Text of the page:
According to Mr. Dovigi, the company has begun to work more closely with those municipalities in which GFL's soil is dumped. The process he described is similar to the conditions agreed to between Scugog and Greenbank airport - creating a fill receiving plan and management plan, while ensuring a consultant is retained for the duration of the project and information is shared with the public via related web sites. He added that involved municipalities are also sharing in revenues generated from fill, in addition to any financial securities posted by a site owner.
"From our perspective, there's three things we know for sure," said Mr. Dovigi. "There's more construction and more contaminated soil to get rid of. It comes down to compliance and how we do it. What we're missing is how a site actually works. There's certain challenges - many small municipalities don't have the expertise to deal with fill.... What we've found to work, in coming up with a model, is to create transparency and open dialogue. The next step is to consult with the local conservation authority, the Ministry of Natural Resources and residents' groups prior to applications. We've also developed protocol to deal with concerns, creating a public liaison committee to deal with theses issues. We have to take the approach that anything leaving a site is potentially contaminated. Uncertainty leads to problems and rumours."
Moreen Miller, CEO of the Ontario Stone, Sand and Gravel Association, told the audience that while former pits and quarries often used to receive fill are no longer under the organization's jurisdiction, she offered that increased control of such sites could be strengthened through clarified legislation at both the provincial and municipal level, regardless of boundary lines, adding that such material should be "going to the right places for the right reasons," such as the creation of ski hills or other uses. Ms. Miller also addressed the matter of site owners accepting soil for large payouts without doing the appropriate tests to guard against pollution.
"I'm not here today to tell you it doesn't go on," said Ms. Miller of dumping in old gravel pits. "We need to involve community-conscious companies (in managing fill). There's an elephant in the room - there's not enough money in the system to do the right amount of tests (for contaminants). You could spend $600 on tests and you still have to pay the driver. We're creating a system where there's not enough money so that everyone tests honestly."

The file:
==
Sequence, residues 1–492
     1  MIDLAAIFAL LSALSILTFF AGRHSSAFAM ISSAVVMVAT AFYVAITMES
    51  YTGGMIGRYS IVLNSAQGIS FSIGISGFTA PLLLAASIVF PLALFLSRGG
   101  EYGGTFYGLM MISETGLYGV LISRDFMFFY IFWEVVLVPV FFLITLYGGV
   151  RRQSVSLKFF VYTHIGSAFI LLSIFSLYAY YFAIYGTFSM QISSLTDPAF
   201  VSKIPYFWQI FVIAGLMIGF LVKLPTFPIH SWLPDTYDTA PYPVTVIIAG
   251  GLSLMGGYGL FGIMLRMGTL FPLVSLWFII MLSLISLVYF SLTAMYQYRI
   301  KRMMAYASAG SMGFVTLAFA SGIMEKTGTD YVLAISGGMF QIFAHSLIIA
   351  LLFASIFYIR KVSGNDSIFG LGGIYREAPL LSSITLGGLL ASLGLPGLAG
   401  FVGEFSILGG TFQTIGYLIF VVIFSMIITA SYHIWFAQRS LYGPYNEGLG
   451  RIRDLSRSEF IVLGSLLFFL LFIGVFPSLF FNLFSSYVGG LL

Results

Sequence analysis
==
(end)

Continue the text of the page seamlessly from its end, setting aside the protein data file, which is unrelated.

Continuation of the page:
Another problem, said Doug LeBlanc of soil management firm DLS Group, are inconsistencies in the testing process itself. Mr. LeBlanc, who was retained to inspect soil imported to the Earthworx site in 2010 and is now working with the Greenbank Airport project, told the symposium that certain chemicals, including mercury and benzene - "pass because there are problems in the testing process" used by most laboratories.
"Everything dumped at Greenbank is tracked by GPS and we can track each individual load," said Mr. LeBlanc. "We've turned down 10 sites since we've began."
As for who should be ultimately responsible for the disposal of such material, Gord Miller, Environmental Commissioner of Ontario, told attendees that increased scrutiny needs to come from the province through the Ministry of Housing and Municipal Affairs and Ministry of Infrastructure, as opposed to the Ministry of the Environment.
"It's not about filling - it's about digging holes," said Mr. Miller. "Would you have a fill problem if they weren't digging holes in Toronto? This isn't your problem - it's theirs. They dig a hole six stories deep and that dirt comes here and drives you people nuts. They dig that deep to park cars - because Toronto needs that. Most of the time, they don't use the parking. We're digging holes and moving dirt without good reasons. It's cheaper to move than to incorporate into design, because the problem disappears with trucks.
Mr. Miller added that its those site operators that skip testing in favour of maximizing profit that need to be reined in with a combination of provincial legislation and increased industrial responsibility for such material.
"Currently, there's a huge opportunity for unlawful activities," said the commissioner. "I'm confident we can regulate the honest world of fill, but you can't regulate the mafia. It costs a lot to get rid of trucks of dirt and sometimes there's little or no sampling or tracking.
"The MOE is not the mechanism, they just handle the bad guys," added Mr. Miller. "It's not the conservation authorities' problem, either. You've got to put the monkey on the right back - excavation of earth materials must be managed on a life-cycle basis. From cradle to grave, the responsibility is the creator's responsibility - whoever dug the holes should bear the full cost. That's the central concept that's missing - it's always been someone else's problem. Big holes are also the result of the MMAH and MOI policies. These ministries are driving this type of intensification. Let's get it solved where it should be solved - at Queen''s Park and downtown Toronto."
The last word of the day went to Scugog Mayor Chuck Mercier, who has been dealing with the issue of commercial fill since being elected into office in October 2010, just weeks after the township revoked Earthworx Industries' site alteration after soil tests revealed excessive amounts of certain contaminants.